5G for Africa: a game-changer or marketing hype?
Last month I witnessed Ericsson’s successful 5G trial with MTN in Johannesburg, South Africa. It was the first live trial of 5G on the continent. It included various IOT demos and futuristic use cases. It created a huge buzz and excitement for both our customer and at our offices, where we extended the demos for two days after the trial – for the benefit of our Ericsson colleagues. But, is 5G realistic for Africa? Many parts of the continent still don’t have running water or LTE.
What is 5G?
5G is not just the next step in the technology evolution from 2G (voice) to 3G (data) to 4G (LTE or better data) but a potential game changer. And, it’s not just about faster data speeds – being able to download a hundred videos simultaneously (why ever would you need that anyway?). It’s about enabling the fourth industrial revolution, of IOT and AI. What does that mean for Africa, and is it a good thing? The jury is still out on AI, but the Internet of Things is looking very positive, not only for industrialized countries, but for small and medium sized businesses in Africa wanting to use data analytics for quality and scale, for NGOs and governments wanting to track and protect wildlife and the environment. Occupational Health and Safety, risk management and transparency are all areas where Africa might benefit hugely from the coming transformation.
5G enabled 20GB/second internet speed at the trial in Johannesburg. This translates to very short latency times, meaning vast amounts of information can travel almost real time. With cloud technology, and virtualization, connected devices can now operate cheaply and with low energy requirements. Imagine safety warnings of adverse weather being broadcast real time to entire communities to reduce fatalities. Imagine unmanned remote operations of mining, in dangerous areas, to protect the safety of humans. Imagine small scale farmers being able to optimally increase their yields and co-operatively access digital markets. Imagine water and air pollution being better controlled through early warning detection systems.
5G also enables mixed reality, where multiple data sources provide input and video feeds, which are combined with VR headsets, mobiles and TVs with access to search screens, advertising and online shopping. Imagine when sports arenas have sensors streaming live feeds from the goal line, the changeroom, the bench and various spectator areas. Imagine when sport players’ uniforms and shoes can stream data to coaches and fans alike.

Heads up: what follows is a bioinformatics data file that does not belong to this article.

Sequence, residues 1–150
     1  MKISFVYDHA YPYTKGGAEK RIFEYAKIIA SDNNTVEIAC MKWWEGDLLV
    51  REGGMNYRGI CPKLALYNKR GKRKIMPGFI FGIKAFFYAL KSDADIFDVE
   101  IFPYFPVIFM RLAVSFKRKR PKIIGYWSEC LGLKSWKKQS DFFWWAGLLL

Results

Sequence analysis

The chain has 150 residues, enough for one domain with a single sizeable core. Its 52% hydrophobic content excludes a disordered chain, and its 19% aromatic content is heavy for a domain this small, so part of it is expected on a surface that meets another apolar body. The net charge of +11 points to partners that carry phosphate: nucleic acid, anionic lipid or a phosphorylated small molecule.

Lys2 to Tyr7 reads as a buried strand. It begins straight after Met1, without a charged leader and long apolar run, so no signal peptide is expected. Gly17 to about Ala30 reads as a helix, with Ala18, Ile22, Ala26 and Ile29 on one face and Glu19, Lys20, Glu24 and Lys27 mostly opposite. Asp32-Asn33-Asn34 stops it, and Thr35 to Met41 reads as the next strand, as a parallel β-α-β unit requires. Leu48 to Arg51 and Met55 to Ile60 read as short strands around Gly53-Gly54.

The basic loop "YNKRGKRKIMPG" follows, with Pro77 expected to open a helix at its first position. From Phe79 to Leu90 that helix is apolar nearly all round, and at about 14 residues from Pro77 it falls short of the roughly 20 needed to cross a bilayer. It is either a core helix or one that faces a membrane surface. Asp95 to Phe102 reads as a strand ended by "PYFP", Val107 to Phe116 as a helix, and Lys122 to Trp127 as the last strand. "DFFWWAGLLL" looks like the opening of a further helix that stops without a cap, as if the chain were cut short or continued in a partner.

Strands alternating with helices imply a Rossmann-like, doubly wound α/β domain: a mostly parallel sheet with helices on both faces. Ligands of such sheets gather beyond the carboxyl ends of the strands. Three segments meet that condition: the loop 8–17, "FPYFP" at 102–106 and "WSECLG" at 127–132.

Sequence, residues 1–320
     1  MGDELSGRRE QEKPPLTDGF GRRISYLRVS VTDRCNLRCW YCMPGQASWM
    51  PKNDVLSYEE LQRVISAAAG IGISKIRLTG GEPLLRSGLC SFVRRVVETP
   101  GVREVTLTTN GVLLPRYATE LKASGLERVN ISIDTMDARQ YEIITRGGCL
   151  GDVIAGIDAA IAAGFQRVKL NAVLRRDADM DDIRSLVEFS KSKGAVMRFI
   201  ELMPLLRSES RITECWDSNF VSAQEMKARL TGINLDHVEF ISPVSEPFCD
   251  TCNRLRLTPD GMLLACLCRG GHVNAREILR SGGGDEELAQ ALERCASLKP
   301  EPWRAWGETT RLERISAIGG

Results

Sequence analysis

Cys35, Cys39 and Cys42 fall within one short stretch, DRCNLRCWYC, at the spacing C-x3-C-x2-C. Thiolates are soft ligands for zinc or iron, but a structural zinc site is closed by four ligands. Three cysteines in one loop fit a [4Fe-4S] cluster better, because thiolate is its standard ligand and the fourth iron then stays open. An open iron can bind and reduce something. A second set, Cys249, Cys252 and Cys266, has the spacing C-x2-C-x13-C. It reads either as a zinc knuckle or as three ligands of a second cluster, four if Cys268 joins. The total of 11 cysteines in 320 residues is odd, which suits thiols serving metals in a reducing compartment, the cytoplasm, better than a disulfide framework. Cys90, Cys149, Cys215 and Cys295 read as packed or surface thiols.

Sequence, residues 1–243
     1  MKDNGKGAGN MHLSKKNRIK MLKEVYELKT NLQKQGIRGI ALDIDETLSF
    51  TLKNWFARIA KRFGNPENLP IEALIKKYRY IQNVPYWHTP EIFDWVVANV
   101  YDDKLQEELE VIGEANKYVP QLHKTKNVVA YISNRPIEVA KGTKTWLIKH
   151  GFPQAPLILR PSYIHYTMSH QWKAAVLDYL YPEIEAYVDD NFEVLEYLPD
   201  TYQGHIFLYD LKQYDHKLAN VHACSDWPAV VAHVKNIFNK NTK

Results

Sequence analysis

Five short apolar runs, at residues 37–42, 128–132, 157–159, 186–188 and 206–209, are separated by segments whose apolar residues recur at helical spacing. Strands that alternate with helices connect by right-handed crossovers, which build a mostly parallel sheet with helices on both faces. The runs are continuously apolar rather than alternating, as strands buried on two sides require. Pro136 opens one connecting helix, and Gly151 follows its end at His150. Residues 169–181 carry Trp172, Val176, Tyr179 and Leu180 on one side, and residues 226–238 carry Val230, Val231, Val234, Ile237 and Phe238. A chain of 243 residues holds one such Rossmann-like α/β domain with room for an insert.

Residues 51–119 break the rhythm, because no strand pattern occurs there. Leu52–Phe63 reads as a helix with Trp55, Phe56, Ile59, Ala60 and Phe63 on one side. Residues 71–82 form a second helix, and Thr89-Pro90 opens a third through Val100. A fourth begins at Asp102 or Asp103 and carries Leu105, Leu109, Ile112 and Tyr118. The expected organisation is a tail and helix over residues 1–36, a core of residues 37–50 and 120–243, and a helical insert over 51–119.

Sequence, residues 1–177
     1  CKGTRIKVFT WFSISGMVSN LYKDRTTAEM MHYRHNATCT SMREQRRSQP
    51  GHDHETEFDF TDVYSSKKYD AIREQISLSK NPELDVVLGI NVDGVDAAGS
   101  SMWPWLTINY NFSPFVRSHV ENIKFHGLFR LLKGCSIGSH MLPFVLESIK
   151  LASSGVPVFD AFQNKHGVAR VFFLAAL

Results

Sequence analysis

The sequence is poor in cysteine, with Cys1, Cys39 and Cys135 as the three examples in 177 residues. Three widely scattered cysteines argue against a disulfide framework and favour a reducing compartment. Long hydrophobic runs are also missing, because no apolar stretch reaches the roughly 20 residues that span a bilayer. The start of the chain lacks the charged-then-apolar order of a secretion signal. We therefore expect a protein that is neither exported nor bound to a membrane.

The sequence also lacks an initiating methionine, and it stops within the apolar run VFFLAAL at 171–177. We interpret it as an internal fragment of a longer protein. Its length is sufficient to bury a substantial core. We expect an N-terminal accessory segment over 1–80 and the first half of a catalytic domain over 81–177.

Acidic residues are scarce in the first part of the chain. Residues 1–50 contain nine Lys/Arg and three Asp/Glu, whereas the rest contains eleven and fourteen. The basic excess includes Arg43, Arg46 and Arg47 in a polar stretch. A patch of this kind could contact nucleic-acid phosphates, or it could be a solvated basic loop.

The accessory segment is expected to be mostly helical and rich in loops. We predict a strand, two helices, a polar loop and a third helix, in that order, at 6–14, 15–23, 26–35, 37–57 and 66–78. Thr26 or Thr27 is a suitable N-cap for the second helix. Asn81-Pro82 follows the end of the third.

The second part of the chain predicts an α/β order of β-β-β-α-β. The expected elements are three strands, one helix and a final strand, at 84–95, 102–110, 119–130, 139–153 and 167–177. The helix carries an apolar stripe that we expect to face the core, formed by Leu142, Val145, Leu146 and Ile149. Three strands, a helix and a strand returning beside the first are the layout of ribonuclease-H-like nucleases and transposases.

One day soon sport teams such as PSG, Manchester United or Orlando Pirates will be able to sell Mixed reality VIP Fan packs to anyone in the world without needing to travel. Soccer fans could buy a service to sit at home with their VR headsets in their Virtual VIP booth and watch the game but feel as though they are in the stadium. Fans could walk around, to see every angle of the goal and to buy personalized merchandise while running comparative statistical searches on their favorite players and being the ultimate couch coaches.
5G and sustainability
As a sustainability professional, I wanted to know more about the carbon and energy angles of 5G. So, I took advantage of the trial to talk to some experts and do some research. We don’t yet have commercially available products, but our master design engineers follow the circular economy approach, where they design for optimal resource efficiency of every component of the product, including sourcing of parts, the transportation and storage of products and recycling of parts until decommissioning at end of life. Part of the design criteria includes having a minimal size and weight of radio equipment, to ensure we use the minimal packaging, so that the components take up smaller space on a ship and the shipping has a smaller carbon footprint. Another design criteria is around energy efficiency, and the beam feature of 5G means data ca be sent in a more focused and efficient manner. But at the end of the day it’s the industrialization of IOT that I believe will bring the safety and resource efficiency required of sustainability practices to help achieve the UN Sustainable Development Goals.
One of my favorite parts of my job is supporting Marketing and customer engagements in talking about and demonstrating the positive impact of our products and services from a Triple Bottom Line (people, profits and planet) perspective. At Ericsson our purpose truly is to Innovate Technology For Good, and I am proud to say that 5G truly is an great example of how Technology can bring Good, while doing good.
For more information on the 5G trial in South Africa in January 2018, watch this video and explore these links: